21st Feb. Very high tides today, although Sam and I arrived at St Mary’s Island when the tide was at it’s lowest point, exposing land that I can’t remember seeing for a long time. Skylarks were singing as we approached the area and although wader watching was more difficult that usual as the birds were feeding so far out, we still managed to have decent sightings of the following between St Mary’s Island and Seaton Sluice, Oystercatcher, Ringed Plover, Golden Plover, Lapwing, Knot, Sanderling, Purple Sandpiper, Turnstone, Dunlin, Redshank and Curlew.
There was little sea passage to be picked up. but I did manage my first sighting this year of Gannets. Also seen were Teal, Goldeneye, Eider,Guillemot and Fulmar and Sam managed to pick up distant Red Throated Diver and a Kittiwake.
The skies had been cloudless throughout the day until we entered the dene and there seemed to be a threat of snow or rain as grey cloud began to build up from the west. In fact we were hit by a shower of hail lasting only a few minutes before the sun was back out. This area was very quiet except at the feeders which attracted Great Spotted Woodpecker, Nuthatch, Dunnock, Robin, Great Tit, Coal Tit, Blue Tit a sizable flock of Long-tailed Tits and Chaffinch. The open farm land was also very quiet.
Holywell Pond was, yes you’ve guessed, pretty quiet too, but did have Canada Geese, one Shelduck, Mallards, Gadwall, Teal, Wigeon, Pochard, Tufted Duck and Goldeneye and we also heard sharming (word of the week) from the Water Rail.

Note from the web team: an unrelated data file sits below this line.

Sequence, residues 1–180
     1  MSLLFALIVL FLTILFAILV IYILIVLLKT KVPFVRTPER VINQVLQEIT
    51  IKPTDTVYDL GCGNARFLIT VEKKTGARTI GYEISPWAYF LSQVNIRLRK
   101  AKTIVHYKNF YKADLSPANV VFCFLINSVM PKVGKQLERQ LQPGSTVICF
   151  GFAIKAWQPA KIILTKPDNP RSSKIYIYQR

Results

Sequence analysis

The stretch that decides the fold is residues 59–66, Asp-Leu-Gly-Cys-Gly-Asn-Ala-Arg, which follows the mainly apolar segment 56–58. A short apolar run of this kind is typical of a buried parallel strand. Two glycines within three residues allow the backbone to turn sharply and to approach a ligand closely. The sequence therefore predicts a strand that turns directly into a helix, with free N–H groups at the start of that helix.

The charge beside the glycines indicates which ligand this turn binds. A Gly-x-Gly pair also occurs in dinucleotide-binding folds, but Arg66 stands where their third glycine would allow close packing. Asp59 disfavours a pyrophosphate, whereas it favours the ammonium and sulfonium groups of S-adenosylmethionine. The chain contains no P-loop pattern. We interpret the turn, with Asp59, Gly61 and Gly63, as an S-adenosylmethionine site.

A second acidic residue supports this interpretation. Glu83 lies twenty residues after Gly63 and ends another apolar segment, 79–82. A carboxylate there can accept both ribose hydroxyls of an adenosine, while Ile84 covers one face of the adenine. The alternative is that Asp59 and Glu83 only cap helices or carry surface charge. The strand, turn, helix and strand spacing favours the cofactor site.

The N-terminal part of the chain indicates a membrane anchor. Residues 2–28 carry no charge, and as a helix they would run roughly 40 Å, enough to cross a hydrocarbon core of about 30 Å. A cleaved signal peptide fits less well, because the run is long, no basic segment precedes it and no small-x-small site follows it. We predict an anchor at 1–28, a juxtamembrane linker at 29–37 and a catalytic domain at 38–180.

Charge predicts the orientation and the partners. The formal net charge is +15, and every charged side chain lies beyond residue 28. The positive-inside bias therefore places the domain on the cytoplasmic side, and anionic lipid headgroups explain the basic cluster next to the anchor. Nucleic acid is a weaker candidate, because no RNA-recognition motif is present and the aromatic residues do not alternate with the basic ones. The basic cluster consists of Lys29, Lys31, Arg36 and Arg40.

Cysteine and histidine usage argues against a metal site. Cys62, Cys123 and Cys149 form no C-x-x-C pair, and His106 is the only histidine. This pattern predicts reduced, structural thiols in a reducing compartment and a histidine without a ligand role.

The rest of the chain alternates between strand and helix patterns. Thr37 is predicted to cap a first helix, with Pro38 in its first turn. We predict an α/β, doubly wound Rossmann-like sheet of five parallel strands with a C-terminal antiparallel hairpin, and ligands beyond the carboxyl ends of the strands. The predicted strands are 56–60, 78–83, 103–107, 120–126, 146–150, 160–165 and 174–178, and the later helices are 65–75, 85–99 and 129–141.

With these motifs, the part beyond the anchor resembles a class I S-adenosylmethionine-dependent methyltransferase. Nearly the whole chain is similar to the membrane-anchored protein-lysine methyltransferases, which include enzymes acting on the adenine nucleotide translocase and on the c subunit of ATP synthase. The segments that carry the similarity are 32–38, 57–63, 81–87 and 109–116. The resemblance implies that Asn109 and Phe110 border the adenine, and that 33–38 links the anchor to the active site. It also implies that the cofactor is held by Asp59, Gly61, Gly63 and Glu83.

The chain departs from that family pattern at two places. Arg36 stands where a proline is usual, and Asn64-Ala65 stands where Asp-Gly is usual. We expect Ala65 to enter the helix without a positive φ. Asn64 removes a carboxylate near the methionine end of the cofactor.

I’d commented to Sam on a number of occasions on the lack of birds and as I did so again I got my eye on a Common Buzzard flying over the trees at the back of the pond. It showed really well in the sunlight. Sam got his eye on another raptor. The Common Buzzard now perched in the trees and this other raptor was attempting to fly in and mob it. We suddenly realised it was a Peregrine Falcon, the first I’ve seen in the Holywell area for a while. The peregrine eventually flew off at some speed towards the coast.
So beginning with a low (tide) we’d ended our day on somewhat of a high with the Peregrine Falcon sighting. Wonderful that these birds are once again seen so often but not so wonderful is the fact that they are still persecuted. Once home and sorting out my day list of species I realised that such a quiet day had still managed to provide sixty-two species of bird. So maybe not so quiet after all. It was bitterly cold by the time we arrived back home.
20th Feb. I’d had much business to attend to on Friday so decided to take a short stroll down to the lake to get me into the right frame of mind for the day. I’d heard that a Great Crested Grebe had returned. In fact we’d had one on the lake very early in February (noted by Sam) but it had disappeared again. I caught up with the species today. It’s almost into summer plumage.
It’s good to see Mute Swan numbers have increased again. Someone was at the lake feeding from bags. This won’t go down well at all! However it did appear that the gulls took all the food and not the swans. It’s disturbing to hear that there is some thought that the Mute Swans (twenty plus found dead) on the river at Chester-le-Street may have been deliberately poisoned with a lead based substance. It didn’t sound to me as though there is any definite evidence of this and we may find that it is simply lead substances that have found their way into the river.
After a quick look over the lake I walked to the church grounds and it was spring like here with song from Song Thrush, Blackbird, Wrens, Chaffinches and tits, the corvids very active overhead, a Magpie carrying nest material and a Great Spotted Woodpecker drumming. Parts of the lawns were a carpet of Snowdrops along with a few Crocus.